Concern mounted over the condition of suspected al-Qaeda and Taliban members held prisoner at the US naval base in Cuba, where the Americans faced new appeals to respect international conventions.
France and Germany urged Washington to ensure the 158 prisoners transferred from Afghanistan to Guantanamo Bay were treated lawfully, and the European Union insisted their rights be protected.
Iraqi President Saddam Hussein, whose rights record has been criticized by the United States, accused the Americans of failing to heed their own strictures.
US Defense Secretary Donald Rumsfeld on Tuesday called allegations of mistreatment "just plain false" and the result of "uninformed, misinformed or poorly informed" media reports.
Washington has come under persistent pressure for classifying the detainees as "illegal combatants" rather than prisoners of war entitled to Geneva Convention rights.
More questions were raised after publication of photographs of a group of kneeling, handcuffed prisoners wearing dark goggles, earmuffs, mittens and bright orange jumpsuits.
German Foreign Minister Joschka Fischer said his government was talking to Washington on the need to deal with the detainees as prisoners of war.
"In the fight against international terrorism, we also defend our basic values," Fischer said in a statement. "They apply whoever the person may be. They protect the life and dignity of men."
French foreign ministry spokesman Bernard Valero, speaking as a French delegation prepared to travel to Cuba this week, echoed the same theme.
EU foreign policy chief Javier Solana said the fact that Washington has linked the prisoners to the September 11 terror attacks in the United States should make no difference.
Spanish Foreign Minister Josep Pique, whose country holds the rotating EU presidency, said the prisoners' rights should be respected but added he did not think it necessary for the EU to take an official position.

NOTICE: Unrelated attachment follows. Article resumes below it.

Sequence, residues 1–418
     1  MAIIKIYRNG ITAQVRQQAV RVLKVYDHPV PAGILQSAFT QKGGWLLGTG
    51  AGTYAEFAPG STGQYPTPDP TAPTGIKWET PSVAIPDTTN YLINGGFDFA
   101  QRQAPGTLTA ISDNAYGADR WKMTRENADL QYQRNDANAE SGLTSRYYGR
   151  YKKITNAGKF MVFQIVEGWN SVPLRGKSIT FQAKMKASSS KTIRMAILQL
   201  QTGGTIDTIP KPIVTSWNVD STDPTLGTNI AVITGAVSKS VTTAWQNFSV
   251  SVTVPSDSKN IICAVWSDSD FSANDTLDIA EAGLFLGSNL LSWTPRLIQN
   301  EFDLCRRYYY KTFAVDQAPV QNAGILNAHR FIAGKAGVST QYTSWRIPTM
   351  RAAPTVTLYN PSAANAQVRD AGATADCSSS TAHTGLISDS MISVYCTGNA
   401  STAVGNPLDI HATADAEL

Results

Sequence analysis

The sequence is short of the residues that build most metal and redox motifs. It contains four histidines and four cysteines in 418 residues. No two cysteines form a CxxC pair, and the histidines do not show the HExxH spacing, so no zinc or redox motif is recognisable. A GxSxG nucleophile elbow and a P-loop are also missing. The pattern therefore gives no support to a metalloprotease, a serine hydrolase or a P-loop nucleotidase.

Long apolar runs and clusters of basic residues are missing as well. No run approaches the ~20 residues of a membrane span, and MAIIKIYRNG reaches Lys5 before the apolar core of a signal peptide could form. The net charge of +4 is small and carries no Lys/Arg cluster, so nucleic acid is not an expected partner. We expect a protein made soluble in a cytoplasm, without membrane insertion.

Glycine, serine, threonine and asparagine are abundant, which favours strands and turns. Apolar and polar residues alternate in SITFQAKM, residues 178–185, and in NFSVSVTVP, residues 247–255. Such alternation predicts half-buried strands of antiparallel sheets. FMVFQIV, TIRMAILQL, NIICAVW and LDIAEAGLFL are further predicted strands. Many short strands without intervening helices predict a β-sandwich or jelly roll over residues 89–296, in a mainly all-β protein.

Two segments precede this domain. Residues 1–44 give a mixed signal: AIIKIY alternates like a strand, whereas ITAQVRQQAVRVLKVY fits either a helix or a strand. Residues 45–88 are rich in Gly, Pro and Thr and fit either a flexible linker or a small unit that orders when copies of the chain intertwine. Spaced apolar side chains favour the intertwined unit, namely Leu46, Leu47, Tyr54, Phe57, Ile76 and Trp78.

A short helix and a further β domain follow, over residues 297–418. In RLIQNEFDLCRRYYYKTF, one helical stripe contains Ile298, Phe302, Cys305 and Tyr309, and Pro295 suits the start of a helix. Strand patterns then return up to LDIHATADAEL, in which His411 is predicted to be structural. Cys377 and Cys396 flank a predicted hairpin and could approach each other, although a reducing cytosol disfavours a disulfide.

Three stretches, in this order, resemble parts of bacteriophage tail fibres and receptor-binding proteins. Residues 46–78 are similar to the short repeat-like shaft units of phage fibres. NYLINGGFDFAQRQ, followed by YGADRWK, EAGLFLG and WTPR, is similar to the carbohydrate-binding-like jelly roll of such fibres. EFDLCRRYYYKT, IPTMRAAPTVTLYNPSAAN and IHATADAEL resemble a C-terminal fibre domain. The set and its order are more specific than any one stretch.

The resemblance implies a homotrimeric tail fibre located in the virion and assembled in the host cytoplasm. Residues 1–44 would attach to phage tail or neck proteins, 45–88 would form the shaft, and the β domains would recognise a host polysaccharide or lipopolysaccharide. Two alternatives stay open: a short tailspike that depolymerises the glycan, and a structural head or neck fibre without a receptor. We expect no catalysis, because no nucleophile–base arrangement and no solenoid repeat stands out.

Iraqi newspapers quoted Saddam taking a swipe at the Americans, who have threatened to take their war on terrorism to Baghdad.
"They used human rights and the rights of prisoners for propaganda purposes against other countries," he said. "But when their turn came to uphold those rights, they openly violated them."
Danish Foreign Minister Per Stig Moeller said Tuesday a Danish national was among the prisoners, and that Copenhagen would seek more information on him from the US authorities and provide him with "all necessary assistance."
Three Britons, 17 Yemenis and a Swede were previously spotted among the prisoners taken during the US-led campaign in Afghanistan to topple the Taliban regime and root out Osama bin Laden's al-Qaeda.
Britain, the staunchest US ally, insisted Monday concern over the detention of the prisoners was "premature" and said it was satisfied they were being treated properly.
The International Committee of the Red Cross has sent a delegation to Guantanamo and London-based Amnesty International said Tuesday it had asked the Pentagon for permission to do the same.
Amnesty also questioned the impartiality of the British officials who attested to the good treatment accorded the three Britons held in Guantanamo.
Copyright © 2002 AFP